Patient Stories

Kyle’s Story

Kyle's Story

On August of 2013, on the 18th, Kyle was engulfed, suddenly, in a fight for his life. An illness that we could not pronounce laid claim on him, and with a velocity and a determination that numbed us, he staggered…staggered….and descended far below the earth. He came to a standstill. Within four days those lungs, which had sustained him so well for 22 years, ceased to draw breath. His body became immobile; he travelled in labyrinths unknown, and not of his making.

Fueled with morphine and Propofol, the acute phase of Guillain-Barré syndrome sought to do him in as he endured an induced coma. He waged his battle, traversing a twilighted landscape—jungles and deserts and high places, gunshot wounds, dark meeting places in rooms with no windows, ICU psychosis, and dimly lit passageways.

A heart that used to beat at 58, now found its angle of repose at 120 and more. A muscled 185 pounder diminished to 125 pounds in short weeks. A body that could not sustain the basics of life, like blood pressure and a normal temperature. Oh! What we take for granted! The only message he provided us within those first three weeks was a delirious shaking of his head: back and forth, forth and back.

Sitting in his room, that maniacal headshaking was woven into us. Sometimes, we just had to look away. Would he come back to us? And what parts might be lost forever?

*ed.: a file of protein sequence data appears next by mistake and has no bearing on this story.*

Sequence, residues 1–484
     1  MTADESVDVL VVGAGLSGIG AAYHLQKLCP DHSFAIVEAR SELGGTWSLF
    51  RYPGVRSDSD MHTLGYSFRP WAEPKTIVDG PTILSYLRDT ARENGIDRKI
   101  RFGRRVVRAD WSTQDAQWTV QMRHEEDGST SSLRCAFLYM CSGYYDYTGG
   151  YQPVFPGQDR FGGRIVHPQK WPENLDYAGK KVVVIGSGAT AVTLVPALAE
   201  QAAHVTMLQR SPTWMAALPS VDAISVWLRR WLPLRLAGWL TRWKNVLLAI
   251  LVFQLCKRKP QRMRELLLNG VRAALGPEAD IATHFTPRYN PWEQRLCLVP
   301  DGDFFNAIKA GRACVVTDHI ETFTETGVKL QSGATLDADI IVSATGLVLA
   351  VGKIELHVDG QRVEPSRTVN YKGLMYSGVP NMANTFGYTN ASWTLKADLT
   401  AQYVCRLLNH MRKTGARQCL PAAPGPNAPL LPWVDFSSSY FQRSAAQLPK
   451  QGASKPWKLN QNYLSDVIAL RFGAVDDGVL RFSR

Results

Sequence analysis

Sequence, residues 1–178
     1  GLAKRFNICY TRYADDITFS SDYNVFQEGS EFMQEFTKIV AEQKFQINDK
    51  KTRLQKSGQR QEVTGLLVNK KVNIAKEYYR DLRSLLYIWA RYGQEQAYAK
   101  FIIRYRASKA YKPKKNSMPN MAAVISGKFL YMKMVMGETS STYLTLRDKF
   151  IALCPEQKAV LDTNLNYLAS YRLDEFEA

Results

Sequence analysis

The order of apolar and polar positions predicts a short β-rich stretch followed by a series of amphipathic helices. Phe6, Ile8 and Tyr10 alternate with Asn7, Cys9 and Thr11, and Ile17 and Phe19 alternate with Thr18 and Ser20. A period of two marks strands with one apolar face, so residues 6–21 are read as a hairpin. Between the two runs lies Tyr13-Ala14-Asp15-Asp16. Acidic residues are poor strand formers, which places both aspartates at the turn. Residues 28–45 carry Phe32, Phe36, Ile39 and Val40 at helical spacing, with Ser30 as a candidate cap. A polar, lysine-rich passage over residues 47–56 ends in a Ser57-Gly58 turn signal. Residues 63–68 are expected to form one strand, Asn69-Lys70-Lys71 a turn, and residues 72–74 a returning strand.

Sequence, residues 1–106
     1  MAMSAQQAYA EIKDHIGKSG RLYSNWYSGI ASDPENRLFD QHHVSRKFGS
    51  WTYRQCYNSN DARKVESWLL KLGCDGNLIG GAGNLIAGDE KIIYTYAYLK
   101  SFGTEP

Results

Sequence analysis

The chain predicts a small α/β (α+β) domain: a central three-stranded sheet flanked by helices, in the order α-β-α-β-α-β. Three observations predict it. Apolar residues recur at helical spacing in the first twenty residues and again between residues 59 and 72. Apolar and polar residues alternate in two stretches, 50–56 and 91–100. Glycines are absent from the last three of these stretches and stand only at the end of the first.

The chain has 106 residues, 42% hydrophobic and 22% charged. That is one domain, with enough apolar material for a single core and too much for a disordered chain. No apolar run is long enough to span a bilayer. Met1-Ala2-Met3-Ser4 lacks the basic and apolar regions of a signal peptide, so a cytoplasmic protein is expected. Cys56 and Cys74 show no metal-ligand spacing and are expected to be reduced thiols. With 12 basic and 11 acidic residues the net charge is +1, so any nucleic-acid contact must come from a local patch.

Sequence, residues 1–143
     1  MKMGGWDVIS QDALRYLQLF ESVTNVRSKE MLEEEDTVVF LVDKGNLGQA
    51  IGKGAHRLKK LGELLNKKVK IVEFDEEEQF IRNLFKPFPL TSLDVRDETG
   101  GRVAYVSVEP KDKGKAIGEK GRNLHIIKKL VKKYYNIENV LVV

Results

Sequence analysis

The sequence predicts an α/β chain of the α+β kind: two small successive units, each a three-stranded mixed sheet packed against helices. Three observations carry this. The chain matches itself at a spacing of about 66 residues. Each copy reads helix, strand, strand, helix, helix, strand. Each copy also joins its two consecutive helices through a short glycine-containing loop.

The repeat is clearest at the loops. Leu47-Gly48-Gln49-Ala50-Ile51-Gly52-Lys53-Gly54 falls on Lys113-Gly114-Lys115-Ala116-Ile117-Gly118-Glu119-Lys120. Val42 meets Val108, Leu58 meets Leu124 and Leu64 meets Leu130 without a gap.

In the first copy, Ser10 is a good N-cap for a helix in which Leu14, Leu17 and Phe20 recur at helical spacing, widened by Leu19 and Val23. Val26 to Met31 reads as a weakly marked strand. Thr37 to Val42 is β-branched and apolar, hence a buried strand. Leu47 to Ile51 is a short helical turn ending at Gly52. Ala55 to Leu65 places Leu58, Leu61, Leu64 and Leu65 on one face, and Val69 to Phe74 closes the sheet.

And time went by…slowly.

Four months in hospitals. And then a homecoming to SLO on December 23rd, and five months at home with us.

And…many things came back. His mind and his humor (though these had never fully departed), his weight, his will. A couple dozen prescriptions became a dozen, a half dozen, and finally no doses of anything. He kicked it all—opiates, morphine, and finally methadone. Mobility returned, and dexterity. Many things were discarded: Hoyer lift, hospital bed, and his walker.

The boy bears a couple of scars. A stoma from his tracheostomy. A unique puncture in his abdomen where a feeding tube sustained him. And what more? I cannot pretend to know. But maybe this: he came to know what we understand as suffering, but which “is really only life herself, making him unavoidably unique” (says Jim Harrison, in “Dalva”).

Another nine month incubation under his belt, our beloved Kyle is reborn.

Today he drove north, on a Path of Reclamation. Armed with his Blue Rockers (braces), his hiking poles, his wheelchair, his Dodge and his dog, he is on his way.